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O2, EE, Vodafone, Bring Carrier Billing To The High Street

Michael Moore joined TechWeek Europe in January 2014 as a trainee before graduating to Reporter later that year. He covers a wide range of topics, including but not limited to mobile devices, wearable tech, the Internet of Things, and financial technology.

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Operators team up with payments provider Boku to offer new service

Customers on three of the UK’s largest mobile networks will soon be able to pay for goods using their phone number following a deal with a major payments provider.

Boku, which currently works with the likes of Facebook, EA and Spotify, has announced it is teaming up with EE, O2 and Vodafone to provide customers with carrier billing capability through its new e-Money solution.

This means that whereas previously customers could only buy digital goods such as songs and ebooks using Boku’s payment service, now they can pay for physical goods for the first time.

Customers need now only enter their mobile phone number at the merchant storefront to use the service and have the purchase added to their phone bill.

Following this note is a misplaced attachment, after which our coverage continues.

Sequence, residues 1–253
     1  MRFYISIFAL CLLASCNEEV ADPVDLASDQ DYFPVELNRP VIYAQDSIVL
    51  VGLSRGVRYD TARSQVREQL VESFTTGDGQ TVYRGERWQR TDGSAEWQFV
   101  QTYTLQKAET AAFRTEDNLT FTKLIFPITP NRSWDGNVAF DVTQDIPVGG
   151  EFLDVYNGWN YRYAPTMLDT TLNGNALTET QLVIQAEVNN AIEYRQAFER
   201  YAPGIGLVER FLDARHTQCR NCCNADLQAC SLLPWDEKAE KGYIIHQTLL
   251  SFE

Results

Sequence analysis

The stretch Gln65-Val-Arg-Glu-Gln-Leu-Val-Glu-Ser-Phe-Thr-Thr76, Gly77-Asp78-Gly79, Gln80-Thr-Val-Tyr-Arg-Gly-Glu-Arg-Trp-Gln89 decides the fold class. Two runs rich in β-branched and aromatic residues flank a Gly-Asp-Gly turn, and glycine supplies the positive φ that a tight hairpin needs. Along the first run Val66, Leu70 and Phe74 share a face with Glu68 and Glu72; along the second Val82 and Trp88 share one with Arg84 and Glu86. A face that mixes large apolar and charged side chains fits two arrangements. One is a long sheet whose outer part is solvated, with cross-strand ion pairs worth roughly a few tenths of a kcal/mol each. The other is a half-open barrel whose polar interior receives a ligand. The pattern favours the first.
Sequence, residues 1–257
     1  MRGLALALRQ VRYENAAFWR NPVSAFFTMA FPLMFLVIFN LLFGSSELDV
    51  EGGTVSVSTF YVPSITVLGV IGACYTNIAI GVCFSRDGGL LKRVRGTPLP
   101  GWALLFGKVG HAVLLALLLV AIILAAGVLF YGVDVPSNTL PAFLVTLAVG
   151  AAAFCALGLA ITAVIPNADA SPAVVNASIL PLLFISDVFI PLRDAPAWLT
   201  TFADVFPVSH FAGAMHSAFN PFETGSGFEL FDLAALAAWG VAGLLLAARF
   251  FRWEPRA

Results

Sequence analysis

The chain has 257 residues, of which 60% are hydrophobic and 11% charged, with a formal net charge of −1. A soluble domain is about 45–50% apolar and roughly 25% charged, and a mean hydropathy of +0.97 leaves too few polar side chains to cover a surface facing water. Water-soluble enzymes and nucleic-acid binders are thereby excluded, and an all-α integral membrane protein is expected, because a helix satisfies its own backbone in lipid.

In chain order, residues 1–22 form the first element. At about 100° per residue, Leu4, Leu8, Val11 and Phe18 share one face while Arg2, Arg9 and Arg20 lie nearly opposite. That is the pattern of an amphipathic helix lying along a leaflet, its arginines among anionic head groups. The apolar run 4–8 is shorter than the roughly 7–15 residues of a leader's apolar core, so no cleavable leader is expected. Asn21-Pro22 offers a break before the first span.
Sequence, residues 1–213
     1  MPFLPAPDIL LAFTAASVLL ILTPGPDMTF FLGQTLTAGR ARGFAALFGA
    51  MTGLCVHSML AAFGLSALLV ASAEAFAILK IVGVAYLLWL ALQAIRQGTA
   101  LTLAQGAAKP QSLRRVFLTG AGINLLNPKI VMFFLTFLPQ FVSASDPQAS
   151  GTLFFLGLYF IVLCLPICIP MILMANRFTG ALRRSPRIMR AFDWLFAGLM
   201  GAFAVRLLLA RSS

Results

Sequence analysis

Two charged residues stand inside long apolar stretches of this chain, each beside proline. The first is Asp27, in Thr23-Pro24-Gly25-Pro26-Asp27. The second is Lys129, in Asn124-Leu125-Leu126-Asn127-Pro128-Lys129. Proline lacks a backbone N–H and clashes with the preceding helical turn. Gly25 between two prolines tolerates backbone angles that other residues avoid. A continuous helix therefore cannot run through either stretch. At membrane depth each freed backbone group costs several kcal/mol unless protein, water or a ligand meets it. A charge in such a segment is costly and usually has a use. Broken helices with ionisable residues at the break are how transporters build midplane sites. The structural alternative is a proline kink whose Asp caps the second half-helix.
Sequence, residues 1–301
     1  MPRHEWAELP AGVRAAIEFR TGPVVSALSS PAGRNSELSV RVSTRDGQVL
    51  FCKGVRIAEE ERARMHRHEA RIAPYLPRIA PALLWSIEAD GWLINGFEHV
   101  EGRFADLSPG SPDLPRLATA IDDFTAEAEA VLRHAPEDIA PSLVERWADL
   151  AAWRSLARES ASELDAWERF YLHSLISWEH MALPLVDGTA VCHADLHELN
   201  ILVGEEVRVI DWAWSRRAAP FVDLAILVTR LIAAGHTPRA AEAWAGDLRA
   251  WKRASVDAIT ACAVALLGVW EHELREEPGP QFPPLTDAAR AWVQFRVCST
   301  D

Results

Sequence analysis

Boku logoNew era

Boku is able to offer this due to its e-Money product being a fully regulated payment product, and therefore goes beyond the limits that were originally set out under the EU’s Payment Services Directive (PSD), which was originally designed to facilitate the purchase of mobile wallpapers and ringtones.

“Up to now buying stuff and charging it to your phone bill has been restricted, limited to digital goods and operating in a regulatory framework designed years ago to handle ringtone downloads,” said Jon Prideaux, CEO of Boku. “We are now entering a new era for carrier billing. Boku has re-invented carrier billing as a mainstream payment method.”

“As an authorised e-money issuer, regulated by the Financial Conduct Authority, Boku enables consumers to make purchases quickly and simply,” he added.

“Merchants who allow their customers to charge things to their phone bill sell more. Mobile Network Operators can offer an improved experience to their subscribers, with Boku bearing responsibility for the entire compliance envelope.”

Boku, which is based in San Francisco but has offices in Europe, currently operates across 67 different countries with more than 250 operators. Earlier this week, it announced it would be partnering with O2 to allow customers to pay for iTunes purchases using their mobile account, with payment being charged directly to their monthly mobile phone bill, or taken out of their Pay & Go phone credit.

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